|20 December 2008
Newgrange got new lease of light in 1960s 'rebuild'
Several leading Irish archaeologists have discovered that a controversial reconstruction of Newgrange passage tomb four decades ago led to the accidental detection of its key feature – the roof box. The box, a 25cm-high opening which captures the dawning sunlight on the shortest days of the year, was only found during the rebuilding, according to a new book by Boyne Valley archaeologists Geraldine and Matthew Stout.
Ironically, the rebuild of the tomb by the late Prof MJ O'Kelly of University College Cork might never have been permitted under today's archaeological standards. The rebuild involved some 'liberties' with several key features – including the roof box, the authors note. However, examination of drawings and records kept by the Prof O'Kelly shows a 'transparency' in the nature of his decision-making.
Built 1,000 years before Stonehenge, Newgrange was rediscovered 300 years ago but its full significance was only identified by Prof O'Kelly from the early 1960s. "I don't see any reason why I shouldn't take on this dig. I feel that it will probably be very dull," Prof O'Kelly is quoted as telling a colleague in 1961. In fact, it was anything but, and in 1967 he made the first observation of the mid-winter 'solstice phenomenon', the authors noted. This was after the dismantling and replacing of the box under Prof O'Kelly between 1964 and 1967, during which slight changes turned it into a 'narrow passage'.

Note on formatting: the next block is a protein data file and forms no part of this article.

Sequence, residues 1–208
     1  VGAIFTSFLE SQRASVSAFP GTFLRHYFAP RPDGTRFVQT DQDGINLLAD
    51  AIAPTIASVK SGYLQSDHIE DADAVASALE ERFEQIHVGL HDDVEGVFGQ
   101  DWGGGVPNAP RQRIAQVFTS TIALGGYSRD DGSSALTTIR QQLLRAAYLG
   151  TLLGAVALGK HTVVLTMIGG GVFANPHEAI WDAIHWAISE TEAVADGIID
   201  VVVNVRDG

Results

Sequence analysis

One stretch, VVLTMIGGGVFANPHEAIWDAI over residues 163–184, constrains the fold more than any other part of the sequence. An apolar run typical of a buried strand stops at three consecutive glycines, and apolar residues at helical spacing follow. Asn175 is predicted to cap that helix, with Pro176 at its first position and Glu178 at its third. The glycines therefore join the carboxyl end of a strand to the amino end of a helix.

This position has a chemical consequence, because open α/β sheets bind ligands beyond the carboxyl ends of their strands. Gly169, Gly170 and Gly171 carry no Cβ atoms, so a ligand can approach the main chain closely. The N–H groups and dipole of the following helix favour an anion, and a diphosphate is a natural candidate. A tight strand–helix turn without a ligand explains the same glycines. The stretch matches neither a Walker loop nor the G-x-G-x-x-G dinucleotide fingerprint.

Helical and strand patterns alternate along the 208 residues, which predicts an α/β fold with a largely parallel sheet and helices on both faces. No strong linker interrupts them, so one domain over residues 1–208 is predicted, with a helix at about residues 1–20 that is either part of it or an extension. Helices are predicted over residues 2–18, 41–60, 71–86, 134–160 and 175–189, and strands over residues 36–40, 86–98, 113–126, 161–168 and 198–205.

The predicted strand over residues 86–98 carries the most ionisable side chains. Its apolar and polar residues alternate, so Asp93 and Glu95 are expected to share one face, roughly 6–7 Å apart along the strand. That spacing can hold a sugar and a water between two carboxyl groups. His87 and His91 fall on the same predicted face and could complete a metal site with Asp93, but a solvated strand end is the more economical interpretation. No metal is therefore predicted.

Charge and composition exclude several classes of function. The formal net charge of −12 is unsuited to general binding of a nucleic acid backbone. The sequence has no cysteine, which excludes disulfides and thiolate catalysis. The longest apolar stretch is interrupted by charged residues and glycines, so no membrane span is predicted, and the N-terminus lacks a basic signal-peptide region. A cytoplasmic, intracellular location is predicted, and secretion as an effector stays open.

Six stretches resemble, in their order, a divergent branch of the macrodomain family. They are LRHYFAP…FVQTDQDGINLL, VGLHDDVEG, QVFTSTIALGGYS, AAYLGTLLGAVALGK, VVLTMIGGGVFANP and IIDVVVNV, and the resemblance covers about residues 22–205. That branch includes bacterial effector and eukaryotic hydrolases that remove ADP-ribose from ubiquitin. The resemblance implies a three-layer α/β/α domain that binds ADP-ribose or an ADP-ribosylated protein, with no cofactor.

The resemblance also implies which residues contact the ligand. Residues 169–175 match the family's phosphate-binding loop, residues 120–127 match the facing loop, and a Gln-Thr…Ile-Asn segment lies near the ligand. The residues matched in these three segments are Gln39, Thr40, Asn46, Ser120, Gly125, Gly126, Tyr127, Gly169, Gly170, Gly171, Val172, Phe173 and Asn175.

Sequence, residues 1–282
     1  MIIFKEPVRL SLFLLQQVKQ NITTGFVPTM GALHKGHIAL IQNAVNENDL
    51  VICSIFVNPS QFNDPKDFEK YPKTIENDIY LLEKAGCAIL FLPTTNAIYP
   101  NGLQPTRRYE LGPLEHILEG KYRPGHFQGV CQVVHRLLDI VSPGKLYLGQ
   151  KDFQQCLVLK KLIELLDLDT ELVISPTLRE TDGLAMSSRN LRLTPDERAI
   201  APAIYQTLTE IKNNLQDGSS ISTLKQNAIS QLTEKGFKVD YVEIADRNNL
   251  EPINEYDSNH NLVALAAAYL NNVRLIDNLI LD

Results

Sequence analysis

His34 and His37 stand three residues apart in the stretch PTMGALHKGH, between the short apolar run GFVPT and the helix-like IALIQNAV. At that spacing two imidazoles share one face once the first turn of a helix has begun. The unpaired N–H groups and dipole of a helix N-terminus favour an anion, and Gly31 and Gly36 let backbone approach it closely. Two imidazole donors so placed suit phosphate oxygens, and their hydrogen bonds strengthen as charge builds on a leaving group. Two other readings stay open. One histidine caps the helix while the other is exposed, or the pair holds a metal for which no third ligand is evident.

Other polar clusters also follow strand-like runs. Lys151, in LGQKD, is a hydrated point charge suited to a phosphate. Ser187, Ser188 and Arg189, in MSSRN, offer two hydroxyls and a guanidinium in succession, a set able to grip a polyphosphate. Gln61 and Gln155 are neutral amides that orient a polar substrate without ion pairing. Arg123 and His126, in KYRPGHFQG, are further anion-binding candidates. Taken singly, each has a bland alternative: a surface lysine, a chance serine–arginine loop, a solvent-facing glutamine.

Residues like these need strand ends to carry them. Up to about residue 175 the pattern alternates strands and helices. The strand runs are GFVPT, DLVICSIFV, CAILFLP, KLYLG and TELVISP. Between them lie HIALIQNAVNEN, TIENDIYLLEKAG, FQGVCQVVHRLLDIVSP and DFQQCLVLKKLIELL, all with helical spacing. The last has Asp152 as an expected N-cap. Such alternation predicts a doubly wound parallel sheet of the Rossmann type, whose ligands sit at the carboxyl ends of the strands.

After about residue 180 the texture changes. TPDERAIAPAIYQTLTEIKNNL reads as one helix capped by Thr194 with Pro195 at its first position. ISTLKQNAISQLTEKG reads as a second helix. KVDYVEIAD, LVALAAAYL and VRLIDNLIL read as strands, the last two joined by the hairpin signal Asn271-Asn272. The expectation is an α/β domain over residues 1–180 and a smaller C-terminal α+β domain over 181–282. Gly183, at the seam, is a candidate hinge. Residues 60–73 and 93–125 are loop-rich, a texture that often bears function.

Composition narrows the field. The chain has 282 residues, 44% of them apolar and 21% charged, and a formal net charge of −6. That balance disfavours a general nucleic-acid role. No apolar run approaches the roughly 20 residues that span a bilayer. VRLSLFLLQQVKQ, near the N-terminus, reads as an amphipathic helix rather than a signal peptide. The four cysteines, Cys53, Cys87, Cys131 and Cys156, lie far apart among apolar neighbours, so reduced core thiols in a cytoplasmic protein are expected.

The quartz wall surrounding the passage tomb which was erected between 1967 and 1974 was also based on Prof O'Kelly's interpretation, rather than documentary evidence, the authors note. One Danish archaeologist has even questioned whether a quartz wall ever existed. However, Ms Stout said Prof O'Kelly's pioneering achievements in Newgrange outweighed any questionable aspects of the reconstruction. He had shown conviction and courage in convincing the British establishment that Newgrange was older than Stonehenge, she said.
She also said he would be "delighted " to know that the solstice event could be broadcast internationally via a live internet web stream – as is occurring at the chamber in Co Meath tomorrow. The Office of Public Works is collaborating with the International Year of Astronomy 2009 based at NUI Galway to transmit the event. The illumination of the passage tomb depends on the weather, but is timed for 08.58 Greenwich mean time tomorrow. A live stream will be available free of charge on the Heritage Ireland website, www.heritageireland.ie and at www.astronomy2009.ie.
Source: The Irish Times (20 December 2008)
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